Amid Russia Fever, Money Still Speaks Loudest to Premier League Clubs

Premier League

The attention of the soccer world is still firmly fixed upon the World Cup in Russia. For the powerhouses of club soccer, the quadrennial tournament is the only time that it is not business as usual. But that ‘business’ does not altogether come to a halt. Fresh from signing lucrative new broadcasting deals with BT, Sky and even Amazon, the EPL clubs will be emboldened to once again break transfer records and plunder the best performers from Russia.
They have the money too. Huddersfield Town, a club who were in League One just a few years ago, received over £100,000,000 in prize money ($133 million) for coming in 17th in the Premier League last season. That’ll give a club from a small town in Yorkshire more spending power than the likes of Lazio, Borussia Dortmund or Valencia.

Big 6 pulling away from the rest
Clubs know that standing still is not an option, you must spend big to achieve parity. You must spend bigger again to move forward. But, despite even the most modest Premier League clubs being able to outspend more glamorous European rivals, there is still a pecking order in the Premier League. But the pecking order breeds predictability. In the long term, that could hurt the Premier League ‘product’.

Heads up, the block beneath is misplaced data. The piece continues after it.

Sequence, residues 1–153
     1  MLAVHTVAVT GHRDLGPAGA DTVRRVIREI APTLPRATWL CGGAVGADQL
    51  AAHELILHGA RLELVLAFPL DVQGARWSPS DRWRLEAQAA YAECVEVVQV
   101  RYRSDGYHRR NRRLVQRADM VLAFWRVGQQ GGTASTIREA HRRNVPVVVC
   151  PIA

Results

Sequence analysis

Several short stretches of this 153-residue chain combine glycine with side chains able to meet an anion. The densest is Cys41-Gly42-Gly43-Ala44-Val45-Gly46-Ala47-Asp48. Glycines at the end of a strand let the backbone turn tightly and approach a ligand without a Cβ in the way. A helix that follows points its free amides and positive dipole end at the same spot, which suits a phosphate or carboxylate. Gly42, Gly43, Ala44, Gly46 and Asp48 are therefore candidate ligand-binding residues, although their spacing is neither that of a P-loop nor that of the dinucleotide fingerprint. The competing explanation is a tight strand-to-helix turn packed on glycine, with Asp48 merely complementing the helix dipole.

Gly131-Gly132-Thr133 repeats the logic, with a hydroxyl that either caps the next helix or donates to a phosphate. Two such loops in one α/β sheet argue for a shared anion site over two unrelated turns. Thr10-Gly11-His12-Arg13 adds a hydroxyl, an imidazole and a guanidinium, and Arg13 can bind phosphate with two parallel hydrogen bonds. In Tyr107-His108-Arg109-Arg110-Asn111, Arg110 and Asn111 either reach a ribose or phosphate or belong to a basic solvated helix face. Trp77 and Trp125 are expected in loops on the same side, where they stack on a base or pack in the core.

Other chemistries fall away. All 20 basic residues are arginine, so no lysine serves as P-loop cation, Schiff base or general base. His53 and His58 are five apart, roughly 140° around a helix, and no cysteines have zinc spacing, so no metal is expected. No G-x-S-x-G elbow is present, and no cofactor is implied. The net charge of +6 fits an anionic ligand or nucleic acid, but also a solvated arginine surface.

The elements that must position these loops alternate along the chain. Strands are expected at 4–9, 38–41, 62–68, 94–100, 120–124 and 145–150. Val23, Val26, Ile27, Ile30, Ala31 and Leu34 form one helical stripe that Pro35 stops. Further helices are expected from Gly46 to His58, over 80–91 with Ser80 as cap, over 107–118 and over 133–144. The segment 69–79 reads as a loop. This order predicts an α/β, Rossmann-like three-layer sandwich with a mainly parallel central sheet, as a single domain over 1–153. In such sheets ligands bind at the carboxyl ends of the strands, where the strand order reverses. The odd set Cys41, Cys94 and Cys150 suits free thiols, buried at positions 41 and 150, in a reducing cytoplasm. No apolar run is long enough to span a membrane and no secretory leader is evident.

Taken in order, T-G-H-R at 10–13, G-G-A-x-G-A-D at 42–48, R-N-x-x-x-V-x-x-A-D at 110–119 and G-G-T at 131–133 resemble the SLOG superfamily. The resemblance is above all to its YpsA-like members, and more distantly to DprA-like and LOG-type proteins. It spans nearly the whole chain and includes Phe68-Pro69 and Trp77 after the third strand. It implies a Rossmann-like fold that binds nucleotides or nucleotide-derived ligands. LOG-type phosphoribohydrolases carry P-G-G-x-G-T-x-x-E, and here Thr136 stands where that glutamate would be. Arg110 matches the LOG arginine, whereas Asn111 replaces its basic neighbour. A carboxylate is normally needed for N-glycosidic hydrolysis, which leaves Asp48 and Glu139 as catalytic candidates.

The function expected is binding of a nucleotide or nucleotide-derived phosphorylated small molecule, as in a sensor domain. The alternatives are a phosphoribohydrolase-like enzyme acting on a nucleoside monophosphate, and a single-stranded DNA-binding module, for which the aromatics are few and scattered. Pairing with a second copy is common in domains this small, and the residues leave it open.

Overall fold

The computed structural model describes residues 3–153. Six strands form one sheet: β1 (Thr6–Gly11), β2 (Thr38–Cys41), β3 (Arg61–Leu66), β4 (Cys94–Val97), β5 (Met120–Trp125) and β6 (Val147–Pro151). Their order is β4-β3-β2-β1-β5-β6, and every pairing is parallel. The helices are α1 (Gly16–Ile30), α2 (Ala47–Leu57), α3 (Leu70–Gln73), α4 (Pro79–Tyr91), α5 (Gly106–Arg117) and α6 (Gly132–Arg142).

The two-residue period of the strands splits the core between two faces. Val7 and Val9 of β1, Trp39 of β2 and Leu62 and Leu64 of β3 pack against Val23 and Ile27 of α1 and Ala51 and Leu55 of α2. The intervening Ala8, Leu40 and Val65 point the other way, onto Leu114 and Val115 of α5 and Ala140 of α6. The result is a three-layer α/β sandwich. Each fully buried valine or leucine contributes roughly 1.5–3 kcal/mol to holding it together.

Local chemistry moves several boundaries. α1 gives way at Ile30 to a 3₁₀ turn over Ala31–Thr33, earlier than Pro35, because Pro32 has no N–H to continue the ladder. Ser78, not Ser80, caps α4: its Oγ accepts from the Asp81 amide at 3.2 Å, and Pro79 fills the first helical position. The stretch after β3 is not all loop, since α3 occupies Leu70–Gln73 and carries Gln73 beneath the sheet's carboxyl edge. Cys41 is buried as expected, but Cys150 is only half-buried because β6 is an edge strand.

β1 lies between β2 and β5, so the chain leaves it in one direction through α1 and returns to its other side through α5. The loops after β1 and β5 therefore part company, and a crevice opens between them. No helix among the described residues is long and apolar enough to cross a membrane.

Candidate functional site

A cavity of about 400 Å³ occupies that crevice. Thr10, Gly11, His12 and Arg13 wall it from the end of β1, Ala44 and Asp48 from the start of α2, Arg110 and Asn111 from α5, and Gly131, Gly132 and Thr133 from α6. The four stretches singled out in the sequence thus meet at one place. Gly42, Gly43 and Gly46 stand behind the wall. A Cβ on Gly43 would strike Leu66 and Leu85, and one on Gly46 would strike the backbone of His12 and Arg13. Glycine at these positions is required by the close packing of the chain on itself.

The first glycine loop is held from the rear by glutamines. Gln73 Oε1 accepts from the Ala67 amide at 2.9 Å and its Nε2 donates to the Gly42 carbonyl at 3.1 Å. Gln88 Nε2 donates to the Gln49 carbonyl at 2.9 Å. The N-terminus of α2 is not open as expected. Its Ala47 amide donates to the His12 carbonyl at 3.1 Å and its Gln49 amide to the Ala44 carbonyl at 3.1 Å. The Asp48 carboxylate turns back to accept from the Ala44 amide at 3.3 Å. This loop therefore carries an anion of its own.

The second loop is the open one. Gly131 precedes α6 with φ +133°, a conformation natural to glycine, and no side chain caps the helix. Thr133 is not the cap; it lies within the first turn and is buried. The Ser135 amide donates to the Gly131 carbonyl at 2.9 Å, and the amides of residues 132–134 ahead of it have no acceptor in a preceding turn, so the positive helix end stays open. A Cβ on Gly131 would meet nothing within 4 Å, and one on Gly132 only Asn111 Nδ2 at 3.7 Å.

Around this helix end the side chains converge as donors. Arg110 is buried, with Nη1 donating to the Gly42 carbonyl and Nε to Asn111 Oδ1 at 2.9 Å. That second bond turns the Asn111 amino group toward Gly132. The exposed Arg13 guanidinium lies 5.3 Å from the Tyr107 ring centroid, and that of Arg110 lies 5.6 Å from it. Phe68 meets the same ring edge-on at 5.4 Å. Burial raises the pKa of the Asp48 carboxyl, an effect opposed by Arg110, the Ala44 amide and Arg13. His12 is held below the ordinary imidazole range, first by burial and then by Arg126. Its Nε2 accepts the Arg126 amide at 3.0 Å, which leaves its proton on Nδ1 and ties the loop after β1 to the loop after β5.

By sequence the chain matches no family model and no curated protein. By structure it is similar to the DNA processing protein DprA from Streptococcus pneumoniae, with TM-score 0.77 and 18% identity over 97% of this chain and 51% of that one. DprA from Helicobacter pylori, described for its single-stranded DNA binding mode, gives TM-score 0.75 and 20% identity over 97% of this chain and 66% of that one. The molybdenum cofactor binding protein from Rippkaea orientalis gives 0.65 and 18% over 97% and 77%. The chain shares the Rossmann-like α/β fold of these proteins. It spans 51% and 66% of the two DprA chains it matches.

Let’s examine the odds for next season’s title race. Karamba, like others, has installed Manchester City as the overwhelming favourites, pricing them at 20/31 to win a second successive title. They are followed by Liverpool (11/2), Manchester United (13/2), Chelsea (11/1), Tottenham (13/1) and Arsenal (28/1). After that, all the teams’ odds are in triple figures. 2016 champions Leicester City, for example, are priced at 250/1.

Germany and Italy less competitive

Those odds tell us that it is, once again, highly unlikely that a team can break the dominance enjoyed by the ‘Big 6’ clubs. Sure, the Premier League is unpredictable in a game by game basis, part of the reason why reading top football betting tips is essential, but over the course of a season we really know what to expect. Perhaps Arsenal are somewhat vulnerable at the moment, but it would certainly be a massive shock if anyone overtook them.

Does it really matter if there are essentially two leagues within the Premier League; the mini league between the Big 6 and the one between the other 14 clubs? Perhaps not. The Premier League bosses will point to the Bundesliga (Bayern Munich 4/27 odds to be champions) and Serie A (Juventus are 4/7 for the Scudetto) as proof that the Premier League is competitive. There may be only six teams with a serious chance, but it’s better than one team having a procession towards the title each season. Munich and Juventus will be aiming for their seventh and eighth successive league titles respectively this season, whereas no team has retained the Premier League title in a decade.

Transfer records will be broken again

So, once the World Cup has come to an end, it will be interesting to see the scramble to start signing players before the transfer window slams shut. Hundreds of millions will be spent to keep the status quo. It is working for now, with more fans than ever watching the action. But not everyone supports the Big 6. It might just be that, in the future, fans demand that more than six clubs be in with a chance of glory.

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